Aside from general, traditional spirited fan response, we do have quite a few people who have suffered through something devastating in their lives, and the response from people like that … it’s a more significant point. These people who share that they appreciate our music for its uplifting quality, when I receive that kind of feedback, or have those people at our shows, that is pretty powerful and uplifting back to me.

I love to learn that our music has that sort of healing power that we intended it to have. Essentially music is self-therapy. It’s all self-medicating.

Do you subscribe to the philosophy then that, as an artist, your intent is less important than the audience’s interpretation?

I don’t think I even have too much of a fully formulated intention, honestly. That would be a pretty pretentious thing to talk about.

In fact, I think the job of an artist is to translate the voice of the so-called soul. We largely live in a society that’s interpreted by brains and logical operation. But this is only half of the picture. In the metaphysical sense, maybe not even half. The artist is less friends with logic and more of a receptor of all the rest of the energies. And to interpret them and translate them into human language is really all he does. Therefore, to have intention is silly. The channeling is already enough.

If you’re in a particular situation and it has a vacuum or void that needs to be filled with cathartic joy, that’s what we do.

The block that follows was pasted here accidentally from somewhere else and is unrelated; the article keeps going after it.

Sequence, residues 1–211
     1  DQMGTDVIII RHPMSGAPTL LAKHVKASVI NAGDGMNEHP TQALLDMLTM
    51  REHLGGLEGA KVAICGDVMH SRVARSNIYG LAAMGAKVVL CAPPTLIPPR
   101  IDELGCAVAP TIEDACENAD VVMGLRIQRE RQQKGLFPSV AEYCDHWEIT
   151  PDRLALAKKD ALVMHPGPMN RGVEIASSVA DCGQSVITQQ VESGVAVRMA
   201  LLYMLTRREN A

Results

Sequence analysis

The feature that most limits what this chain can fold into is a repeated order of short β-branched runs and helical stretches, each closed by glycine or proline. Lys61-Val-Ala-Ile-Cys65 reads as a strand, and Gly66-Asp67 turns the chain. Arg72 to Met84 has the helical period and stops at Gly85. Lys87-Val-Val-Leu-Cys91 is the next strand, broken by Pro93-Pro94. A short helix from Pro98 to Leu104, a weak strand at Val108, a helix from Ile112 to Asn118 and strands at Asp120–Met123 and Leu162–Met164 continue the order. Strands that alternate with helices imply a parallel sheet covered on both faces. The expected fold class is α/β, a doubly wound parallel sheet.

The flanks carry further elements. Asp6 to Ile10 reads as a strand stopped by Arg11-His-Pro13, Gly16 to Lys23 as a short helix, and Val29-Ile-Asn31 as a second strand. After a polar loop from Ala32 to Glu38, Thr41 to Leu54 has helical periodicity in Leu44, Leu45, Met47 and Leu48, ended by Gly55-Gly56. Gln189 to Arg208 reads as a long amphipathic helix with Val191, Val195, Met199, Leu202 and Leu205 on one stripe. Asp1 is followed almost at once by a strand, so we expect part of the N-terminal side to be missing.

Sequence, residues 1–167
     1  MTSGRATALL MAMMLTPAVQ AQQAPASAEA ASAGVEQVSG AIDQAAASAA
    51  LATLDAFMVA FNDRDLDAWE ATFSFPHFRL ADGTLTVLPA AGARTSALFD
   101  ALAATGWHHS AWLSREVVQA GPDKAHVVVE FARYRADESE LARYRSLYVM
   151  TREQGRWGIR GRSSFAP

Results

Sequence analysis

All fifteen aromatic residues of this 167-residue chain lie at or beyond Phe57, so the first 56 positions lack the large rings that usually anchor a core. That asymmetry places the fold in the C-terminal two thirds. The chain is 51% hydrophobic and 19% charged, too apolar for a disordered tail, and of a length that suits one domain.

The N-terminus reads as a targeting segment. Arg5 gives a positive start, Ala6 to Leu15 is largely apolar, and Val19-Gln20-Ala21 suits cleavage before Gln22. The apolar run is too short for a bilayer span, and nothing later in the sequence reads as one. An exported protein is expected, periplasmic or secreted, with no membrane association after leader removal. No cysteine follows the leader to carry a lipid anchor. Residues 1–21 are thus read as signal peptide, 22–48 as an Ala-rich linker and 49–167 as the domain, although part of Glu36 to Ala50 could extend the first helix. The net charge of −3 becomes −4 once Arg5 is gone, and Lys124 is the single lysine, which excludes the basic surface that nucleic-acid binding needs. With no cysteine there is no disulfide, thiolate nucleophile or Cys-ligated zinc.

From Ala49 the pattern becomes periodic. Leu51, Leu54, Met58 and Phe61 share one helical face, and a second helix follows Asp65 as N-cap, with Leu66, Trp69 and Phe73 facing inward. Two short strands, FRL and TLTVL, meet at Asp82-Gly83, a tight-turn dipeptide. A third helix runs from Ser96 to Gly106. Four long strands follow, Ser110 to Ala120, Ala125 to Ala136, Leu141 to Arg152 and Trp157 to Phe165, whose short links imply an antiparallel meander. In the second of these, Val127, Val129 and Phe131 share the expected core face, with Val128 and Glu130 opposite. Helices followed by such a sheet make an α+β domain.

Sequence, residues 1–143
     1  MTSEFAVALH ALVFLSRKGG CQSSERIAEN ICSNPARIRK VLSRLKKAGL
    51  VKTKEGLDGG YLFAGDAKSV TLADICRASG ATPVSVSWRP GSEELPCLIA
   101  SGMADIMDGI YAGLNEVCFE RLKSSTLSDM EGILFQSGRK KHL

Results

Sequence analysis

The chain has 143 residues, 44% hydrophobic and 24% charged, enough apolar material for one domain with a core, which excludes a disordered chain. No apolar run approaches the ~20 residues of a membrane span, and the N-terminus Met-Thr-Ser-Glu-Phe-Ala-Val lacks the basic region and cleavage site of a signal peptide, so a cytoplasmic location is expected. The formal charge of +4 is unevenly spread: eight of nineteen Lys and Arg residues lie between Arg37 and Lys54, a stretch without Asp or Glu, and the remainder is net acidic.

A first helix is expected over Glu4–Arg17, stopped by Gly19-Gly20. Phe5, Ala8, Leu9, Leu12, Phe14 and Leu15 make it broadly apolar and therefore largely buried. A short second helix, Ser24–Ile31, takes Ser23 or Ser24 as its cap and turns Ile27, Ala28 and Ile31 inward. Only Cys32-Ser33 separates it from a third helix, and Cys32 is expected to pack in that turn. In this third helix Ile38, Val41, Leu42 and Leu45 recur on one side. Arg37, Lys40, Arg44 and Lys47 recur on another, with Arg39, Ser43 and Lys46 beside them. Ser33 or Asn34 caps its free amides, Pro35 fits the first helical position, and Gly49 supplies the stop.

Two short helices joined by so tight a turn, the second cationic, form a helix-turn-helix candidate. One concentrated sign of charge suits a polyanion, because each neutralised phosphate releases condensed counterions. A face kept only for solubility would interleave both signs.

What’s the primary energy you’re channeling in your new album?

I was hoping for it to be more introspective and composed, but of course, it turned out to be the exact opposite. Completely buck wild rocking and firing on all cylinders. I really did not see this coming. Went in thinking it’d be a nice collection of tunes, very meditative, and next thing you know, I’m bouncing off the fucking ceiling.

And the show at The Music Box will be another energy entirely?

Yes, this is not a rock show. It’s a collaboration between several artists and friends that is mostly a tribute to the art movement of Dada. It’s called “Dada Western.” As history has it, it’s been exactly 100 years since Dada took place in Zurich and New York.

Dada is the most important influence on Gogol Bordello, obviously. The earliest shows all being basically Dadaist exhibits. Eventually our band was playing the gallery and museum circuit, only later going to clubs and on tour.

This interview has been edited for clarity and length.

AFP News Agency / Twitter

A study out of Belgium found that smart people are much less likely to be bigoted. The same study also found that people who are bigoted are more likely to overestimate their own intelligence.

A horrifying story out of Germany is a perfect example of this truth on full display: an anti-Semite was so dumb the was unable to open a door at the temple he tried to attack.